A solid 3.5% real GDP growth rate reported for Q3 wasn't enough to appease the doomsayers. They say inventories boosted growth and that can't last. Plus, they say, business investment was soft.
What the pessimists miss is that the surge in inventories in Q3 was a rebound from the unusual outright decline in Q2. Inventories subtracted 1.2 percentage points from real GDP growth in Q2 and then added 2.1 points in Q3. This was close to a mirror-image of what happened with net exports, which added 1.2 points in Q2 and then subtracted 1.8 in Q3.
Yes, real business investment grew at only a 0.8% annual rate in Q3, but we've had tepid quarters before, including as recently as the end of 2016, without signaling an impending recession. And don't be surprised if the recent figures get revised up in the next two months.
Meanwhile, evidence keeps building that something happened in 2017 that changed the nature of the economic recovery. "Potential" GDP growth continues to accelerate.
Potential growth is a term economists use to mean how fast the economy would grow if the jobless rate remains steady. We calculate it by using "Okun's Law," which says that for every 1% per year the economy grows faster than its potential rate, the jobless rate will drop by 0.5 points.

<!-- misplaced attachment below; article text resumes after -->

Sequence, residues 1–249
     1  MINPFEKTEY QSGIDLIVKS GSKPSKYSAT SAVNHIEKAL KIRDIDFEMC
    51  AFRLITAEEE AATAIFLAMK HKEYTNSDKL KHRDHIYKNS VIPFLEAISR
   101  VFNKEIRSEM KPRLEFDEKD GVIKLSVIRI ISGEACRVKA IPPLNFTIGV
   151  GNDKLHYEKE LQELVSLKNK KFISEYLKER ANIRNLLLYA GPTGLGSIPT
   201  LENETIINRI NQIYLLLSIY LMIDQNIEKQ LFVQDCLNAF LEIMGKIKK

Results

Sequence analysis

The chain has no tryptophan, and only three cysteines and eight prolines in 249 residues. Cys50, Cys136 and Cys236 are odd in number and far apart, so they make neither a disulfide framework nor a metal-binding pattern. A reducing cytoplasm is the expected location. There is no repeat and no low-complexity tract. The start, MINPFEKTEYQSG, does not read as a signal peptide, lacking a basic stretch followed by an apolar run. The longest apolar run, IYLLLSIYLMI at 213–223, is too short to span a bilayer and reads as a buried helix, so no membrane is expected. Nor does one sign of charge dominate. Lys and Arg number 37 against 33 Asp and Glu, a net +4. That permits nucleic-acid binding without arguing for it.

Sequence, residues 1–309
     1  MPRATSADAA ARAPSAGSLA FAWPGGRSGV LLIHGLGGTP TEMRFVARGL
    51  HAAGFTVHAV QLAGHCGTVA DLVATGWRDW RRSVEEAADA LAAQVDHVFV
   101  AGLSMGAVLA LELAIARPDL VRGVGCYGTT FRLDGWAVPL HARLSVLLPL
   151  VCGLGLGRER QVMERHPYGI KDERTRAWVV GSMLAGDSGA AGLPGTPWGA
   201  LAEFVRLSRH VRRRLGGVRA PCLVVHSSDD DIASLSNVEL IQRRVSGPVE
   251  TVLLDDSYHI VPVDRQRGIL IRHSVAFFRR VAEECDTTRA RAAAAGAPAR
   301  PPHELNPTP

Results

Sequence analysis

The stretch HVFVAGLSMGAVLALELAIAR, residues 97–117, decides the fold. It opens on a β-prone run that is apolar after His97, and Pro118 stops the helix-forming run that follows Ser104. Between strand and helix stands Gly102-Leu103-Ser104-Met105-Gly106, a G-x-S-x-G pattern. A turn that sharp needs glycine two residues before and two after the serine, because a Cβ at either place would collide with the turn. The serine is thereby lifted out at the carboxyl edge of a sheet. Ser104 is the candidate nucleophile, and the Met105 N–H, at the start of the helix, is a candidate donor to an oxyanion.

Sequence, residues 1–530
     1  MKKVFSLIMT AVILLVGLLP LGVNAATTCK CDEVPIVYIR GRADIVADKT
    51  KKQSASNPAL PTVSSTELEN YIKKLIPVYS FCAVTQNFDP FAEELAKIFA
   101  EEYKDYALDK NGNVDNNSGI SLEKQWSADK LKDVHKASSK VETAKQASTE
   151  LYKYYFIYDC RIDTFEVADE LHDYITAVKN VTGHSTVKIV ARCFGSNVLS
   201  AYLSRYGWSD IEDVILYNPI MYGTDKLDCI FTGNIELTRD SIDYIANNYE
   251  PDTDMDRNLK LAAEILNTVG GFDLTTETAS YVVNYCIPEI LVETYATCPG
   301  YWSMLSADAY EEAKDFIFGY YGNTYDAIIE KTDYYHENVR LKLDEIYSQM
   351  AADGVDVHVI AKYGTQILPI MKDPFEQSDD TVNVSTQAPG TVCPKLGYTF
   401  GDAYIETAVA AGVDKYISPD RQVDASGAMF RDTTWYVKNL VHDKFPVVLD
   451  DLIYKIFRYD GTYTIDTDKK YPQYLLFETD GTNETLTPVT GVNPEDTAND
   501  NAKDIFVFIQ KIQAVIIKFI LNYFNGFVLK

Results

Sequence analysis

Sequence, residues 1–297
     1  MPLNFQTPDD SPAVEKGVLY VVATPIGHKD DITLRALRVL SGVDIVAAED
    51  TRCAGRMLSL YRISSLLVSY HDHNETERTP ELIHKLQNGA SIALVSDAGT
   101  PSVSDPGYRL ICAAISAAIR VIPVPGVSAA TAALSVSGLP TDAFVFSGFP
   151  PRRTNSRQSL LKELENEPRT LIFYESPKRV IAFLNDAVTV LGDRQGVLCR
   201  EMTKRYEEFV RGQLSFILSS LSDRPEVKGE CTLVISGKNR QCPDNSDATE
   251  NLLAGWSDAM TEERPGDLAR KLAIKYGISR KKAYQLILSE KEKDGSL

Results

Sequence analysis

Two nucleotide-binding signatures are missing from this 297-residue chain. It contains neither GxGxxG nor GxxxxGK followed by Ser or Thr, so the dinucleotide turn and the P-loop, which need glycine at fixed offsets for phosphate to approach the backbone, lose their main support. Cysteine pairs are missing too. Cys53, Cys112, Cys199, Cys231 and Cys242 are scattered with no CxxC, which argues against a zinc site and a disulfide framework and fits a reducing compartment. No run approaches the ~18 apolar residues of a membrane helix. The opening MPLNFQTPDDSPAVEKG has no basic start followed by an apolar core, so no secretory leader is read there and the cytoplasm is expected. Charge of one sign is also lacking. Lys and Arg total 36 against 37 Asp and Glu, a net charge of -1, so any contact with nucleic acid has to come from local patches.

Working backward from the unemployment declines of recent years shows that potential GDP growth has picked up. From mid-2010 thru mid-2017, potential real GDP grew at just a 0.6% annual rate. But, since then, potential GDP has risen to a 2.2% annual rate. (It was 2.0% when we wrote about this topic three months ago.)
Faster potential growth undermines the Keynesian argument that it's just a demand-side boost from bigger budget deficits. What makes more sense is that reductions in tax rates and full expensing of business investments for tax purposes have enhanced incentives while less regulation encouraged business activity.
Right now, the biggest threat is the path of government spending, which shows no sign of slowing. If unaddressed, higher spending and unreformed entitlements (Medicare, Medicaid, and Social Security) may eventually convince entrepreneurs and investors that taxes will go up in the future, which could limit the economic benefits of last year's tax cuts.
And, while we are honest enough to admit that, we also think investors should not focus on that eventuality. Profits are rising and will likely continue to rise for at least the next 18 months. Moreover, if spending does undermine growth, it won't happen for years. The recent turmoil in markets is another buying opportunity.
Brian S. Wesbury - Chief Economist
Robert Stein, CFA – Deputy Chief Economist
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